Regardless of the details, Jensen continued, “it’s clearly an anti-immigrant law, and that adds to the sense of fear that a lot of people feel in interacting with law enforcement.” When they’re scared to seek help when they need it, workers are in an even more vulnerable position when, to take a common occurrence in Eastern North Carolina last season, someone breaks into camp and steals their wages while they’re out working.

Frustrated by North Carolina lawmakers’ lack of concern for guest workers over the last few years, the Farmworker Advocacy Network, a statewide network of farmworker advocacy organizations, has given up pushing pro-worker legislation, Jensen said. Instead, they are working to promote the enforcement of regulations governing farmworker living and working conditions—like EPA worker protection standards and the state’s Migrant Housing Act requirements.

Communication between farm worker advocates and state enforcement agencies has improved. However, the agencies’ lack of resources and personnel prevents them from being able to enforce the laws fully. Also, because enforcement is based on complaints rather than inspections, and workers rarely speak up for fear of retaliation, rule violations often go unchallenged.

“There is a lot of intimidation and a climate within the farmers that is not pro-worker,” said Wiggins of Student Action with Farmworkers. “There’s not a general climate of safety and workers’ rights.”


On a Sunday evening in early October, Galván creaked open the screen door of a low cinderblock bunkhouse at a farm in Fuquay-Varina. Inside, four farmworkers ate dinner around a large table covered with provisions like bananas, Nescafe, Saltine crackers, tortillas and ketchup. The men greeted Galván warmly and offered him a 7 Up and tortilla to fill with one of the chicken concoctions—caldo de pollo or pollo con salsa—that filled the cast-iron skillets amidst the packages on the table. Galván accepted and took a seat between Alfredo Rodriguez, a jolly, shirtless man eating chicken soup and raw jalapeños, and a father and son named Gonzalo and Ernesto Robledo. The setting sun streamed through the open screen door, casting the table in a golden glow, and the radio played in the background. The men discussed events on the farm and the upcoming sweet potato harvest.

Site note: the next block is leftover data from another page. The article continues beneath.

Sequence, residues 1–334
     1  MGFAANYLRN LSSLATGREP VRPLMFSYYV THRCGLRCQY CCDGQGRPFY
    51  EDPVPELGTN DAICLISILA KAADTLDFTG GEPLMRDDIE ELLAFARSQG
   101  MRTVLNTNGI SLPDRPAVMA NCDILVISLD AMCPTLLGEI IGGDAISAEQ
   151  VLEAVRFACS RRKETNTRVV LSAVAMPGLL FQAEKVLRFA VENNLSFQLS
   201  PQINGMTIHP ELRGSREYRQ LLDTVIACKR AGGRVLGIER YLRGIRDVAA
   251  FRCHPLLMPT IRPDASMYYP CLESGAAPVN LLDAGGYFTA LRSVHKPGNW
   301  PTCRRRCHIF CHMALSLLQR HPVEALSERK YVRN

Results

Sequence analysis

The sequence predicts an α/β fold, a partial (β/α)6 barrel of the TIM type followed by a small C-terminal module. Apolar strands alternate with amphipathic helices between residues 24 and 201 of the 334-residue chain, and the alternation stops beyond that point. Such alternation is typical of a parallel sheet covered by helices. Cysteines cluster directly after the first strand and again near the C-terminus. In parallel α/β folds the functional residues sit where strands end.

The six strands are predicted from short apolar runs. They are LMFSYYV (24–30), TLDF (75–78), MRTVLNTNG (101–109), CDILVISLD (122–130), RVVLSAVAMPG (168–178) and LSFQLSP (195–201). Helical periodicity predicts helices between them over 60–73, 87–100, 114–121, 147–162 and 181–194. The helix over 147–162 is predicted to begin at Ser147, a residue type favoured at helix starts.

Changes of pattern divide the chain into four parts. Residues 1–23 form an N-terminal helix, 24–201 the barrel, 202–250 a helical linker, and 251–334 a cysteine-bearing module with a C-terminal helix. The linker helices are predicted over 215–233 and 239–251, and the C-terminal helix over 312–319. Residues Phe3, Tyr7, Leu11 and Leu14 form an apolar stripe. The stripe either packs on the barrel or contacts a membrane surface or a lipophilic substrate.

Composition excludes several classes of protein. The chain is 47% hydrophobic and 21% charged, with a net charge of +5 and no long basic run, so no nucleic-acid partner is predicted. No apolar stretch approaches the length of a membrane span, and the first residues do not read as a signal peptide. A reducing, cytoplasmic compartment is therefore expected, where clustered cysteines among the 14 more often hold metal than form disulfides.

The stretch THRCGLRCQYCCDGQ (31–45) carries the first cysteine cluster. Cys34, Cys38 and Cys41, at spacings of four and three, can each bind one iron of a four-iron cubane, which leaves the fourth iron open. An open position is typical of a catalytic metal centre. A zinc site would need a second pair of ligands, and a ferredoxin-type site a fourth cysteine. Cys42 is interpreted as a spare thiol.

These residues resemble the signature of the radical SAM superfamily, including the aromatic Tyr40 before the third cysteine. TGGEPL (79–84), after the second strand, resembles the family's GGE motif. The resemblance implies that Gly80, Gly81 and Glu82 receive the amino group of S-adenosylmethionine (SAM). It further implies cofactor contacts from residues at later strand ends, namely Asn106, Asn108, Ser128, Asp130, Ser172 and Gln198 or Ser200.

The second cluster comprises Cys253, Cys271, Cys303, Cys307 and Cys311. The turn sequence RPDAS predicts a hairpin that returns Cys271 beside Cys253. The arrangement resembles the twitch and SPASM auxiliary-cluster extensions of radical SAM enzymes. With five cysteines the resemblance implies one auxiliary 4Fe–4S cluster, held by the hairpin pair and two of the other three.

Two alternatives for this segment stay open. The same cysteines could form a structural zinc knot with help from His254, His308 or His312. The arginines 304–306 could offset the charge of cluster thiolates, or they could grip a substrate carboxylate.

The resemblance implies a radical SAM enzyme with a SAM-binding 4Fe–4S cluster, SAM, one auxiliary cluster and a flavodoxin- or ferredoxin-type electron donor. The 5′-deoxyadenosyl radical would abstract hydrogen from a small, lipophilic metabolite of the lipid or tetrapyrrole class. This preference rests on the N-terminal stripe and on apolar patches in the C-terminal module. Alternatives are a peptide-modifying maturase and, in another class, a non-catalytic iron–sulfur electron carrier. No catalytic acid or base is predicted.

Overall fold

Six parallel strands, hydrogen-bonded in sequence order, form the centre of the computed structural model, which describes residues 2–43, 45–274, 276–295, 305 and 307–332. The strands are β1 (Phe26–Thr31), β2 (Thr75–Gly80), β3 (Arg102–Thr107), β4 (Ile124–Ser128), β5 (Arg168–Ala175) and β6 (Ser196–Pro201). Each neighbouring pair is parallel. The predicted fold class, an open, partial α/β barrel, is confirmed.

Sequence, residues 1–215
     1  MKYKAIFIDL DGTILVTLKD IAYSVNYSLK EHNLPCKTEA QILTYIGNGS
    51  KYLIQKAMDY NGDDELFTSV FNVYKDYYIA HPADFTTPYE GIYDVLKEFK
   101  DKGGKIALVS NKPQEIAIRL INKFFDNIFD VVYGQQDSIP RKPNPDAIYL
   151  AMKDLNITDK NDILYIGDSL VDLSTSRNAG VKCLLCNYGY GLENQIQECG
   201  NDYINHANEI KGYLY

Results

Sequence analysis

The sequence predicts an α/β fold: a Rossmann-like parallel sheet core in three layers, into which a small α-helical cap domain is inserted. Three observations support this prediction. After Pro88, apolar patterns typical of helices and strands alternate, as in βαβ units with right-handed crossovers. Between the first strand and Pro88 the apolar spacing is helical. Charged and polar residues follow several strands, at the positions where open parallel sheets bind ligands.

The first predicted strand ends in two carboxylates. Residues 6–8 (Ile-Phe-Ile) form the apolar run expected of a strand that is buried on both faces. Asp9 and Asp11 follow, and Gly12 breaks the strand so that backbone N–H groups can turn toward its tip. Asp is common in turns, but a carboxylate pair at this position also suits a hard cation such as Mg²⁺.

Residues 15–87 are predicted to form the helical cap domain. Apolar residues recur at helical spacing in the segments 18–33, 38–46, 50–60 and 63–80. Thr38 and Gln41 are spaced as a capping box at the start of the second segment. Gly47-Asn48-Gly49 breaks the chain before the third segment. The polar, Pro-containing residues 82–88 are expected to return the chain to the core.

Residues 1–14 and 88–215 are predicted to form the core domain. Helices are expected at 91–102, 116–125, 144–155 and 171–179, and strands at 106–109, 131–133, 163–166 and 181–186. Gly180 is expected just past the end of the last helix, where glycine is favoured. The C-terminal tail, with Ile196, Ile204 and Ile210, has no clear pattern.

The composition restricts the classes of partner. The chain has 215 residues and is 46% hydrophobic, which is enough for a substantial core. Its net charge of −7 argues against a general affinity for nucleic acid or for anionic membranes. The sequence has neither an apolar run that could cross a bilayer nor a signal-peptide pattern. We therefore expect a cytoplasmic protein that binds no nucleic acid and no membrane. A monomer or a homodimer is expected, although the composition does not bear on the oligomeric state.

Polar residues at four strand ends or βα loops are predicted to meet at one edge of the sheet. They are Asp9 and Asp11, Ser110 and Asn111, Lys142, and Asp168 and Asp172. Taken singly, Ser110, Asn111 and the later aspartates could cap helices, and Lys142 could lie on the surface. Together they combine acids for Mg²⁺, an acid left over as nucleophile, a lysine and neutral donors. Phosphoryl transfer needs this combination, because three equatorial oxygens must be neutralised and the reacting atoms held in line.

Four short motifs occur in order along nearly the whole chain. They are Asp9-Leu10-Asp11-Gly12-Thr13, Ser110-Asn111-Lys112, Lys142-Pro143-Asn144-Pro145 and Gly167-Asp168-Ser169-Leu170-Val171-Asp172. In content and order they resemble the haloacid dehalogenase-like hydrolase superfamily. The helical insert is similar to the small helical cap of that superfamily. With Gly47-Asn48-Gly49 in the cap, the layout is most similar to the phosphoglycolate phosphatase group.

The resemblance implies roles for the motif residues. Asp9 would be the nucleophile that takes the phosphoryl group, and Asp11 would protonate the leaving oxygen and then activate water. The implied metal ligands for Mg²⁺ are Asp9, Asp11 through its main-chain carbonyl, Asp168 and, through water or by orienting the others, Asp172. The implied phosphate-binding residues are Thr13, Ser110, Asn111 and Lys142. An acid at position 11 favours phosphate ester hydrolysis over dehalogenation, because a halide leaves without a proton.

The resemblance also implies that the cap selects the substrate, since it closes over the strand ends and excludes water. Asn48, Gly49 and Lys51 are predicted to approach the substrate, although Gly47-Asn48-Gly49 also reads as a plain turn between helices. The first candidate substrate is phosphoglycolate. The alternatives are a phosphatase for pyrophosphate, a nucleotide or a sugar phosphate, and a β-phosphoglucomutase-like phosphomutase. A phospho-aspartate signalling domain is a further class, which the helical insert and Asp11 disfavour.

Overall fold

On Sunday evenings, Galván transports workers to and from their camps to the Spanish-language mass at his church, where he plays guitar and directs the choir. He has just dropped off three passengers at this camp—and stopped inside to say hello to others.

Alfredo Hernandez Bocanegra, a 59-year-old from Mexico with a gray mustache and a John Deere cap, was among those Galván dropped off. Bocanegra met Galván 15 years ago when he first began working in North Carolina. Over the years, Galván has given him many rides. When Bocanegra’s wife was dying, Galván helped him purchase a plane ticket and rushed him to the airport so he could get home. “He’s a very good man,” Bocanegra said in Spanish. “For everything we need, we talk to him, and he says, ‘I’ll arrive tonight, or tomorrow in the morning.’ He takes us wherever we need to go. People believe in him a lot.”

Indeed, Galván’s impact in the farmworker community extends far beyond his work duties. During his time off, he takes his guitar to the camps and sings for the workers; never asking for payment, he shuttles them to flea markets, grocery stores, big box stores and the mall; he has even taken a group to the beach to see the ocean. Sometimes, because workers don’t have time to send their earnings to Mexico, they give Galván cash and their bank account numbers and ask him to make the deposit. Once he takes care of the transaction, he will call them to say, “OK, the money is there.”

Because he has built such a strong rapport with so many, Galván is a lynchpin for much of the farmworker advocacy work that takes place in eastern North Carolina, Jensen said. “Leonardo is incredible at connecting with people,” she said. “He knows most of the farmworkers in the area we work in, and he is the person that farmworker advocates call if they want to know something about farmworkers or go out and meet them.”

Because farmworkers believe in Galván, they listen to him. When he informs them of ways to protect themselves from sunstroke or recommends they sign up for health insurance, they take heed. “The workers trust him, and they trust the information that he gives them,” Wiggins said.

Galván hopes he will always be in a position to help farmworkers. But because the funding of North Carolina Farmworkers Project fluctuates and is often precarious, Galván sometimes finds his position in danger. Regardless of his capacity, though, he plans always to stay involved with the farmworker community for years to come.

“This is my passion,” Galván said several days later behind the wheel of his van, on his way from one camp to another. “This is my life.”

disclaimer: Some farmerworker names have been changed.